With regard to medicinal treatment is may be said that while, as a rule,
drugs should be avoided if possible, there are cases in which good results
may result from their use. Tonics, especially if anaemia is present, are
often indicated and of these those worthy of special mention are iron, strych-
nine and the arsenic preparations. Sodium cacodylate or iron cacodylate
824 DISEASES OF THE NERVOUS SYSTEM.
may be given hypodermatically if the stomach is intolerant, the former in
doses of f of a grain (0.05) twice a day, the latter in doses of ^u of a grain
(0.02). The glycerophosphates may often be employed with benefit as follows:
I^ calcii glycerophosphatis, gr. ivss (0.30); sodii glycerophosphatis, potassii
glycerophosphatis, magnesii glycerophosphatis, gr. iss (o.io); ferri glycero-
phosphatis, gr. f (0.05). Fiat chartula no. i. Sig. Take two such powders
daily; or I^ calcii glycerophosphatis, 3iss (6.0); sodii glycerophosphatis, potassii
glycerophosphatis, magnesii glycerophosphatis, ferri glycerophosphatis, aa
gr. XXX (2.0) tincturas kolae, 5iiss (10. o); syrupi am-antii corticis amari, q.s.
ad 5vi (200.0). Misce et signa one tablespoonful during breakfast and
The syrup of hypophosphites may also be prescribed or subcutaneous
injections of sodium phosphate two parts, alcohol five parts, and distilled water
100 parts may be given. Of the latter 15 to 45 minims (1.0-3.0) should be
Another drug which has recently been much advocated is lecithin. It is
given in pill form â€” 4J to 7^ grains (0.3-0.5) daily â€” or hypodermatically in
oily solution, each injection containing y^po to 2^ grains (0.05-0.15) of lecithin.
Injections of artificial sera have been recommended as a stimulant to the
nervous system and to lower blood pressure. Such sera may be composed
of phenol in crystal form i part, sodium chloride 2 parts, sodium phosphate
4 parts, sodium sulphate 8 parts, distilled water 100 parts, or sodium phosphate
10 parts, sodium sulphate 5 parts, sodium chloride 2 parts, crystalline phenol
J part, distilled water 100 parts. Of the former solution 2J drachms (lo.o)
may be injected daily; of the latter i J to 2J drachms (5.0-10.0) twice a week.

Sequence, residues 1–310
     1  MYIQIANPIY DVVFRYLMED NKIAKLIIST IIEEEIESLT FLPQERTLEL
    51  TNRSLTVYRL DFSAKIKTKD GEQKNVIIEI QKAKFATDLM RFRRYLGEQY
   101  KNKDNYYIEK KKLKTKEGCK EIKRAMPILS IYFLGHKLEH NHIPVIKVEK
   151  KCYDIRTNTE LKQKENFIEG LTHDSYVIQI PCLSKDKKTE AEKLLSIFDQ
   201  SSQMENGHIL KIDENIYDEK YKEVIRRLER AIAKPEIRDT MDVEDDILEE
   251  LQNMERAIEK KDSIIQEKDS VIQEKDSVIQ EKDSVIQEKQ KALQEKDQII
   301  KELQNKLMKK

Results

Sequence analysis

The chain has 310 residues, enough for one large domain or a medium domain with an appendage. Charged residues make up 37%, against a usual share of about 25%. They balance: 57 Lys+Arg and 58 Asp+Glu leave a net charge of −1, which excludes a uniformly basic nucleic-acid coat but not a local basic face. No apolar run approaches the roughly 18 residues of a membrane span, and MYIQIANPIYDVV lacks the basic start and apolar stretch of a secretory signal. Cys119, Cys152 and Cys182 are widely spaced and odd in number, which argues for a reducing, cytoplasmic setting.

The solutions should be sterilized immediately before administration.
The treatment of cardiac symptoms: The application of cold wet compres-
ses to the precordium or of the aether spray will relieve the palpitation or if
this is a result of gastric disorder, treatment should be directed to the stomach.
The bromides and the valerates may be indicated when this symptom is
the result of nervous excitability. The systematic employment of hydro-
therapeutic measures vsdll tend to diminish the cardiac irritability.
Gastric symptoms should be treated according to the principles suggested
in the sections on the treatment of neuroses of the stomach.
The pains and excessive nervousness may be allayed by the bromides or
occasional doses of salipyrine, acetphenetidine or exalgine. For the sleepless-
ness a warm bath or a wet pack taken before retiring will often prove effectual.
If drugs are necessary such mild h3^notics as sulphonethylmethane (gr. x â€”
0.66), sulphonmethane (gr. xx â€” 1.33) or veronal (gr. x to xv â€” 0.66 to i.o) may
be prescribed at intervals. Morphine should never be allowed.
In sexual neurasthenia with nocturnal emissions and spermatorrhoea general
treatment with attention to exercise and mode of life, together with the admin-
THE NEURASTHENIA OF THE MENOPAUSE. 825
istration of hyoscyamus and the bromides, is to be advised. The loins should
be sponged off with cold water or a cool sitz bath taken before retiring; no
food should be eaten just before going to bed and the rectum should be kept
.empty to avoid pressure upon the prostate and seminal vesicles. The pa-
tient's mind should be kept occupied and off from thoughts upon sexual mat-
ters and he should be assured that he has greatly magnified his trouble and
the possible consequences thereof.
The recent work done upon eye-strain renders it of paramount importance
that any defect of vision should be properly corrected by the ophthalmologist.
THE NEURASTHENIA OF THE MENOPAUSE.
The incidence of the menopause (climacteric or change of life) is character-
ized in many instances by the appearance of numerous manifestations analo-
gous to those of ordinary neurasthenia. The anatomical basis of these is
undoubtedly a disturbance of the sympathetic nervous system. On no
other ground can the symptoms be satisfactorily accounted for and on no
other theory can the triad of pallor, flush and sweating, in whatever sequence
they may appear, the tachycardia, the dyspnoeas, the neuralgias, the vertigo,
faintness, tinnitus aurium, headache, pruritus, the serous diarrhoeas, the
veritable downpour of urine and the varying mental moods be explained.
At the menopause, the slowly increasing blood pressure of the intermenstrual